February 14, 2019 -- A new study on the measles epidemic in China has far-reaching implications for eliminating the infection globally, according to researchers at Columbia University Mailman School of Public Health. Using a new model-inference system developed at the Columbia Mailman School, the researchers were able to estimate population susceptibility and demographical characteristics in three key locations in China, in a period that spans the pre-vaccine and modern mass-vaccination eras. Until now, the dynamics of transmitting measles here had been largely unknown. The findings are published online in PLOS.
Despite widespread vaccination, measles remains a leading cause of death in children globally, and elimination of measles has been particularly challenging in China, the largest country with endemic measles transmission. "While since 2008 China has reported greater than the 95 percent vaccination target coverage set by the World Health Organization for measles elimination, measles has continued to cause large outbreaks every year for reasons that remain undetermined," said Wan Yang, PhD, assistant professor of Epidemiology at the Columbia Mailman School, and lead author.
With the ground-breaking modeling tool, the Columbia Mailman researchers were able to estimate key epidemiological parameters in Beijing, Guangzhou, and Shandong-- during 1951-2004.
The research team collected detailed population data on yearly measles incidence and vaccination rates for the three sites. Since the data were often sparse for an entire city or province in any given year, the model-inference system enabled the investigators to study the long-term transmission dynamics of the disease and identify key epidemiological factors that may be contributing to measles' persistent transmission.
"After thoroughly validating the model-inference system, we were able to show its accuracy in estimating out-of-sample data not used in the model and then apply it to estimate epidemiological and demographical characteristics key to measles transmission during 1951-2004 for these three key locations," noted Yang.
Much of measles research in the past had only focused on industrialized countries. The inference system that Yang and colleagues developed takes into account complex and changing population demographics, contact patterns, age-structure, mass vaccination, as well as under-reporting.
Major cities in China with large migrant populations resulted in endemic measles transmission during the recent decade in particular, Yang points out. Both Beijing and Guangzhou were among such cities; for example, in 2010, 36 percent of Beijing's population were migrants, of which 8.5 percent came from Shandong, a province of moderate economic development, where estimated susceptibility was twice as high as in Beijing and Guangzhou since the mid-1990s.
"Due to uneven economic development, currently over 100 million workers in China migrate from less developed regions like Shandong to large cities for jobs. This key difference points to possible persistent measles transmission in large cities linked to China's massive migrant worker population," said Yang. "Simple assessment suggests that migrants may have been, and continue to be, a vulnerable subpopulation, contributing to the persistent transmission of measles in the big cities despite high vaccination coverage. And catch-up vaccination targeting migrant populations might be an efficient means of controlling current epidemics in these big cities."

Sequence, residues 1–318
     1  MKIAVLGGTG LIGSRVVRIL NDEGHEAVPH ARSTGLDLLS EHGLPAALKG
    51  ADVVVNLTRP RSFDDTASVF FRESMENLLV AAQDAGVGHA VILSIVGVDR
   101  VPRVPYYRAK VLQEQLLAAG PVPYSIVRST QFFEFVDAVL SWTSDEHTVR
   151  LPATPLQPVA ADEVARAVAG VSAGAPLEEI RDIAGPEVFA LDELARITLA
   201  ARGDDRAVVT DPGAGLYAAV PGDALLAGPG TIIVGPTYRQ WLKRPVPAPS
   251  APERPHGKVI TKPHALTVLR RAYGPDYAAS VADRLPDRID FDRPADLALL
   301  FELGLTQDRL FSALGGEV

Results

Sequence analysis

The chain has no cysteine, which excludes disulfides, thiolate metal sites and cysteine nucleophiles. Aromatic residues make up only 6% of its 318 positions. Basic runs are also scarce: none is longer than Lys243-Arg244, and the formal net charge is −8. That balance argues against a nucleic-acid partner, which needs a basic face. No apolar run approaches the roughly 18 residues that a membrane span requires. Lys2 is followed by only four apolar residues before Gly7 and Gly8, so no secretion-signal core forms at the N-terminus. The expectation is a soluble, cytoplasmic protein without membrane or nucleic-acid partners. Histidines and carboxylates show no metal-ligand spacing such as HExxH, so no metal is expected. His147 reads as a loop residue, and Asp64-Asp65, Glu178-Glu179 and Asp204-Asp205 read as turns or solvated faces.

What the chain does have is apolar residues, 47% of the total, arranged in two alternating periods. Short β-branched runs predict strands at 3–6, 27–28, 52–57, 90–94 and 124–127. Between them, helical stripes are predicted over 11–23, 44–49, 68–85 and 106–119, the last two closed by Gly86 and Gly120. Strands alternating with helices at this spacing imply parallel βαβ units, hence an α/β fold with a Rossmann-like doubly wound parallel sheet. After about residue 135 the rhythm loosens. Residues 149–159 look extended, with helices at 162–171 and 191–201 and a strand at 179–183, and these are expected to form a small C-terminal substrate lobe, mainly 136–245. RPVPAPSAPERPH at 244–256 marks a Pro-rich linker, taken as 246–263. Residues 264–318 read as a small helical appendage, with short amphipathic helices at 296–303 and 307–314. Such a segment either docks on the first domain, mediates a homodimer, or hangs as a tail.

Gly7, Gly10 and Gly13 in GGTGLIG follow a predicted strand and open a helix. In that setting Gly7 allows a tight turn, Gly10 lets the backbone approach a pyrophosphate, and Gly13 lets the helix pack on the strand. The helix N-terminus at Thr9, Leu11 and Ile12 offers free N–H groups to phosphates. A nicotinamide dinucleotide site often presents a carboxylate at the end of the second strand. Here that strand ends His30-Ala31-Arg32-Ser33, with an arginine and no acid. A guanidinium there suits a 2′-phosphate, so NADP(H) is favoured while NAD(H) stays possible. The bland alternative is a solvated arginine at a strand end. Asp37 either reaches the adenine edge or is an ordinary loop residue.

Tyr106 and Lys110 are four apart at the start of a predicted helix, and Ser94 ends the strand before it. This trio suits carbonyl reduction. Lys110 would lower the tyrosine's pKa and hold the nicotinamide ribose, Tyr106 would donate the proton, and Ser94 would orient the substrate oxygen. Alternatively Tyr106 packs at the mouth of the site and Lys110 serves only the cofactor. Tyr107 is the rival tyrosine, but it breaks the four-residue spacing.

"In addition to issues of migration, our study also revealed interesting differences in measles seasonality among the three study locations," said senior author Jeffrey Shaman, PhD, Mailman School professor of Environmental Health Sciences and director of the Climate and Health program. The literature shows, for example, in industrialized countries increased mixing among school-age children during school terms can facilitate measles transmission, and climate condition may also play a role in measles seasonality. "More specifically, winter indoor heating in cold climates in cities like Beijing and Shandong may increase crowding or reduce ventilation and increase the risk of infection during cold months."
"Our findings revealed characteristics that we believe are crucial to understanding the current persistence of measles epidemics in China and for devising future elimination strategies," said Yang.
A contributing author is Juan Li, Beijing Center for Disease Control and Prevention, China.
The study was in part supported by U.S. NIH grants GM110748 and ES009089.
Columbia University Mailman School of Public Health
Founded in 1922, the Columbia University Mailman School of Public Health pursues an agenda of research, education, and service to address the critical and complex public health issues affecting New Yorkers, the nation and the world. The Columbia Mailman School is the third largest recipient of NIH grants among schools of public health. Its over 450 multi-disciplinary faculty members work in more than 100 countries around the world, addressing such issues as preventing infectious and chronic diseases, environmental health, maternal and child health, health policy, climate change & health, and public health preparedness. It is a leader in public health education with over 1,300 graduate students from more than 40 nations pursuing a variety of master's and doctoral degree programs. The Columbia Mailman School is also home to numerous world-renowned research centers, including ICAP and the Center for Infection and Immunity. For more information, please visit http://www.mailman.columbia.edu.